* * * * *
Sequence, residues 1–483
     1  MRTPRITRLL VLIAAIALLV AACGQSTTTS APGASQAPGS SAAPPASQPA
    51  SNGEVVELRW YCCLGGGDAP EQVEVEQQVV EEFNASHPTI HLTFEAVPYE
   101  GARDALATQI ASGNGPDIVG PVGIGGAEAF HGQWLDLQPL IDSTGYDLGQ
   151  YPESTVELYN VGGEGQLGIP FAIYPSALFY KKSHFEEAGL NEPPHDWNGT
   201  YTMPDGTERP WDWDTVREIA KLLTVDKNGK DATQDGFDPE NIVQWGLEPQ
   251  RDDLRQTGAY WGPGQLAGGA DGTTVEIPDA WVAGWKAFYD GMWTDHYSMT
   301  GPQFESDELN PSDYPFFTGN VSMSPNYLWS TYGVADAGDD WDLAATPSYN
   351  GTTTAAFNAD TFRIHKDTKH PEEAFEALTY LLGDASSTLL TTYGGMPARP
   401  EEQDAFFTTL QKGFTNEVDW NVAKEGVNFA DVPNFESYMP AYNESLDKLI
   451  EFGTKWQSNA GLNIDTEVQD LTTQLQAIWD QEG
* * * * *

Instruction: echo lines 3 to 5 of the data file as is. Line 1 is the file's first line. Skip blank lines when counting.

    51  SNGEVVELRW YCCLGGGDAP EQVEVEQQVV EEFNASHPTI HLTFEAVPYE
   101  GARDALATQI ASGNGPDIVG PVGIGGAEAF HGQWLDLQPL IDSTGYDLGQ
   151  YPESTVELYN VGGEGQLGIP FAIYPSALFY KKSHFEEAGL NEPPHDWNGT